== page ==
South Korea fires warning shots at Russian military plane for violating airspace

A South Korean coast guard looks at Dokdo islets, known as

South Korea has said its aircraft fired hundreds of warning shots at a Russian military plane for violating the country's airspace in a showdown that also involved Chinese and Japanese aircraft.

Moscow has denied that shots were fired or that its planes were in Seoul's airspace. This is the first time Russian military has been accused of encroaching upon Korea's skies, raising new tensions in an area better known for standoffs with North Korea and China.

The incident involving a flight group of Russian and Chinese planes took place over disputed islands in the Sea of Japan on Tuesday morning, shortly before Donald Trump's national security advisor John Bolton travelled to Seoul from Tokyo in an attempt to mend Korean-Japanese relations.

The South Korean defence ministry said a Russian A-50 control and observation plane, two Russian Tu-95 strategic bombers and two Chinese H-6 strategic bombers entered the Korean air defence identification zone, an area first established during the Korean War where it requires foreign aircraft to stick to a pre-submitted route.

The A-50 allegedly continued on to violate South Korean airspace over the Dokdo islands, also known as Takeshima or the Liancourt Rocks, which are controlled by Seoul but also claimed by Tokyo.

Intercepting F-15 and F-16 fighter jets fired 10 flares and 80 machine gun rounds, the defence ministry said. The Russian plane left the area but soon returned, whereupon the Korean jets fired 10 more flares and 280 machine gun rounds.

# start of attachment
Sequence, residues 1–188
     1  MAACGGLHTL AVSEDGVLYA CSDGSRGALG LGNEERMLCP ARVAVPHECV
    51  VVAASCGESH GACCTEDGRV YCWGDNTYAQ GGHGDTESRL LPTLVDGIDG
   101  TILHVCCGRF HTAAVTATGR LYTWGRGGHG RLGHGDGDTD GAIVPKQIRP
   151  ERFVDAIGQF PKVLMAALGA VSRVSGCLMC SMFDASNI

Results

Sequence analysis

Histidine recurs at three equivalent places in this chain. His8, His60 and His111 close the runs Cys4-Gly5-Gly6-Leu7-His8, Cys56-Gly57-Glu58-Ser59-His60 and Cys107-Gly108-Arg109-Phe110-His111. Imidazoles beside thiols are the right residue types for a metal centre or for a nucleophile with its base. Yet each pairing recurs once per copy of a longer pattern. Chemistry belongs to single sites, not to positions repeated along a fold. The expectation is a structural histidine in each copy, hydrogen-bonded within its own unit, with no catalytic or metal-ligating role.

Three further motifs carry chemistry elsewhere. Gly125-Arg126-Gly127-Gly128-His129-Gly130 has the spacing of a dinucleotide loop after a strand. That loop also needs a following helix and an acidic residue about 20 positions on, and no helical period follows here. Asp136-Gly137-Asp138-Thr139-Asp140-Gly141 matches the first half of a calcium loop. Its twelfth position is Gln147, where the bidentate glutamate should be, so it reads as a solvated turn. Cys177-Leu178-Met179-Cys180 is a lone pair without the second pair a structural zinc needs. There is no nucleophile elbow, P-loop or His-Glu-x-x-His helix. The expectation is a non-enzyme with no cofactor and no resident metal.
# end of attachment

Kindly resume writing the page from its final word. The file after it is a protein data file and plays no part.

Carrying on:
Donald Trump's national security advisor John Bolton meets with officials in Tokyo before travelling to Seoul on Tuesday - Credit: Behrous Mehri/AFP
Donald Trump's national security advisor John Bolton meets with officials in Tokyo before travelling to Seoul on Tuesday Credit: Behrous Mehri/AFP

Seoul has lodged an objection with Russia and warned that it “will take even stronger action” if the situation is repeated.

Japan said it also scrambled fighter jets to intercept the Russian and Chinese planes. But it condemned the warning shots fired by South Korea as “totally unacceptable and extremely regrettable” in light of Japan's claim to the islands.

Moscow said two of its bombers had flown over “neutral waters,” as it doesn't recognise the Korean air defence identification zone, and accused Korean F-16s of cutting them off in “unprofessional manoeuvres” that threatened their safety.

It claimed that flares but no warning shots had been fired, suggesting that its pilots would have responded in kind if they had been.

Beijing, which has previously clashed with Seoul over its own air defence identification zone, said the Korean zone was not official airspace and all countries can enjoy freedom of movement there.

High-altitude sabre-rattling is not uncommon in the area. Japanese fighter jets reportedly intercepted Chinese and Russian aircraft 999 times between March 2018 and 2019.

But this marks the first major aerial conflict between Moscow and Seoul since a fighter jet mistakenly shot down a Korean Air Lines flight from New York to Seoul that passed through Soviet airspace in 1983.

Some analysts have speculated that Russia's aim on Tuesday was to take a poke at South Korea's alliance with the United States or gather information about its air defences.

The incident also highlighted growing economic and military cooperation between Moscow and Beijing. The two countries have held joint naval exercises in recent years, and a small contingent of Chinese forces participated in Russia's Vostok war games in 2018.

Russia recently delivered 24 Sukhoi Su-35 combat aircraft to China and has offered further such sales. It is also considering a military cooperation agreement with China.